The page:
The charge of an atom is determined by the number of protons and electrons in it. Since neutrons are neutral, they do not contribute to the charge. Most atoms in nature are neutral, as a result of having equal numbers of protons and electrons. If the number of protons and electrons are not equal, the atom is called an ion. The process of turning a neutral atom into an ion is called ionization. If one or more electrons is removed, the result is a positive ion. If an atom gains one or more electrons, it becomes a negative ion.

The principle of conservation of charge states that charge cannot be created or destroyed. All neutral atoms are the result of a balance of charges. Ionizing an atom requires adding or removing electrons, but that means they must be removed or added to somewhere else. For example, when a glass rod is rubbed with silk, electrons from the glass rod move from the rod to the piece of silk. The surface of the glass becomes positively charged and the silk becomes negatively charged because electrons moved from one object to the other.

The magnitude of charge of the proton or electron is the smallest quantity of charge found in nature. Every measurable amount of charge is an integer multiple of this number.

Conductors and Insulators

Materials that permit electric charge to move easily within them are called conductors. In a conductor, atoms can be ionized by removing electrons. The electrons can then move freely throughout the material. The motion of the electrons can carry charge, while the positive ions remain fixed in the material.

Other materials called insulators do not permit charge to move easily. In an insulator, it is much more difficult to cause ionization, and so there are very few free electrons. Since there are almost no free electrons in the material, insulators do not carry charge.

Most metals are good conductors, and most non-metals are insulators.

Induction

Another way in which charge can move through materials is called induction. When a charged object is brought close to a neutral conductor, free electrons within the conductor can move, creating a positive charge on one side of the conductor, and a negative charge on the other. These charged regions of the conductor are called induced charges.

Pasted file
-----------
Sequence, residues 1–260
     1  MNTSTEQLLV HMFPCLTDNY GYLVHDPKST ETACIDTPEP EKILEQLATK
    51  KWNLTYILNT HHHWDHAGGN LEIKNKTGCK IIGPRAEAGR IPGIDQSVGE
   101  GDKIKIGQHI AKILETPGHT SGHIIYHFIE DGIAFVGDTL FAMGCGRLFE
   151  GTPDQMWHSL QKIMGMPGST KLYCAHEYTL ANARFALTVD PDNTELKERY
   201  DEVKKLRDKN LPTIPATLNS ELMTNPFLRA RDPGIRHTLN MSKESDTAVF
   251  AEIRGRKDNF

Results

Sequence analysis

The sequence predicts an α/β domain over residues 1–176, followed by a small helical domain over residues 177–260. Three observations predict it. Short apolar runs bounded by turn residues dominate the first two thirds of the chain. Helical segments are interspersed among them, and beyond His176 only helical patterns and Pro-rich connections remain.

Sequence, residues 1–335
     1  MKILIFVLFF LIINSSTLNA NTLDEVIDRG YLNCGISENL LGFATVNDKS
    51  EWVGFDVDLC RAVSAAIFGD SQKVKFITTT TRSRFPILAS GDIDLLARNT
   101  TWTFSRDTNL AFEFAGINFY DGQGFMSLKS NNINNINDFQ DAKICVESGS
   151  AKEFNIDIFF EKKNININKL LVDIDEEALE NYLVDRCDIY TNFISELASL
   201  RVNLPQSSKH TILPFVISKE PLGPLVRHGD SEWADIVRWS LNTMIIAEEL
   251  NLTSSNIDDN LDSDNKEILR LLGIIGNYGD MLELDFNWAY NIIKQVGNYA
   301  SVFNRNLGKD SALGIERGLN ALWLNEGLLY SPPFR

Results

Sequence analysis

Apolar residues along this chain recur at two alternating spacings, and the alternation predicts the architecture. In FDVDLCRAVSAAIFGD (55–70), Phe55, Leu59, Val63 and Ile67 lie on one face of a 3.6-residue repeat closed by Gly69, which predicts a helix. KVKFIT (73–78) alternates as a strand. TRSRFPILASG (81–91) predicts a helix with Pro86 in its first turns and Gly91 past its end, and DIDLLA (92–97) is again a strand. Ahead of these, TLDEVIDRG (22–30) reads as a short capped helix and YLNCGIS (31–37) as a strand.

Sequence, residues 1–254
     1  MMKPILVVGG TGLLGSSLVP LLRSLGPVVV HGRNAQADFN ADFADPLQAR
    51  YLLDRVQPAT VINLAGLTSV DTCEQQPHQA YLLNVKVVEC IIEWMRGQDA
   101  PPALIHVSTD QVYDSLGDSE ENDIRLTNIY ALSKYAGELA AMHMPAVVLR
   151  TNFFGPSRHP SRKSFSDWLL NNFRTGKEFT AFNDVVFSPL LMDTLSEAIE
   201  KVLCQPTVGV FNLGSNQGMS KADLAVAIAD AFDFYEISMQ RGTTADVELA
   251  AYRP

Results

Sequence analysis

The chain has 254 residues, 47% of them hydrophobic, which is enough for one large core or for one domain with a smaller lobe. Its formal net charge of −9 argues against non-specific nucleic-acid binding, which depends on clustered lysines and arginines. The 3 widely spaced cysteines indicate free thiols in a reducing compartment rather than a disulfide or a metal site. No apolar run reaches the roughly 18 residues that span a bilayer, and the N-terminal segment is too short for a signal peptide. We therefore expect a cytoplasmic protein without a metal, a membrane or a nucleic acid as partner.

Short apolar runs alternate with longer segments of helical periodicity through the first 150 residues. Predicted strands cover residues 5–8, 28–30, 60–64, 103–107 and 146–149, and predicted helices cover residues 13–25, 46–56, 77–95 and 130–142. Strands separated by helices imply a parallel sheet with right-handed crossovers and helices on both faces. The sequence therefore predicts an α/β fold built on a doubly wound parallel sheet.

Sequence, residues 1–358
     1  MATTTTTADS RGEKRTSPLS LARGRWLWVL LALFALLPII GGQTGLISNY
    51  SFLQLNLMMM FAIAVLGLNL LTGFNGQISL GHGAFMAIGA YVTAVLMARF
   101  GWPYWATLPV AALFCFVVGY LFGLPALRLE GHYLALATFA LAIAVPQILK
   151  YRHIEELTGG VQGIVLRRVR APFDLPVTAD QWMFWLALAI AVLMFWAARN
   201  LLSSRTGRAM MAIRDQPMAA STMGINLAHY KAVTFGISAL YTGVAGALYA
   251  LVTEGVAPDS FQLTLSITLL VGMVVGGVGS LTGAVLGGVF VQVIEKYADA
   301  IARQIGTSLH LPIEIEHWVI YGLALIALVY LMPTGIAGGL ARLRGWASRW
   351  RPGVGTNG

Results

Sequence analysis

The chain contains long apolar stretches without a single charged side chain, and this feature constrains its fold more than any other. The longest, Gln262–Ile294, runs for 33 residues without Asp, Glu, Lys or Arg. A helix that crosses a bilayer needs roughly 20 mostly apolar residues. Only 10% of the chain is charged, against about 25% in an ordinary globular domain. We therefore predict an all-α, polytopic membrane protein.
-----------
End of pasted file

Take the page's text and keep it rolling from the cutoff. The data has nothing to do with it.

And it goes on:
For example, imagine a neutral metal ball on an insulating stand. If a plastic rod with a negative charge is brought close to the ball, free electrons in the ball will be repelled, and will move to the opposite side of the ball. Positive charge will build up on the side of the ball closest to the negatively charged rod.

As another step, imagine a conducting wire is used to connect the negative induced charges on the ball to the ground. This is known as grounding a charge. The negative charges migrate through the wire to the Earth, which acquires a very slight additional negative charge. Now, the ball has lost free electrons, but the positive induced charge near the rod remains. If the rod is removed, the electrons in the metal will rearrange to evenly distribute the positive charge. In this way, the ball can acquire a net positive charge.

Induction can also affect insulators, though not to the same degree. A charged object brought close to an insulator can cause a shift of charge in the molecules of the insulator. This is called polarization. The polarization occurs whether the charged object is positive or negative. The result is that an attractive force can be exerted on an insulator by either a negatively or positively charged object. This is the reason an object with a small surface charge like a balloon can attract small pieces of paper, for example.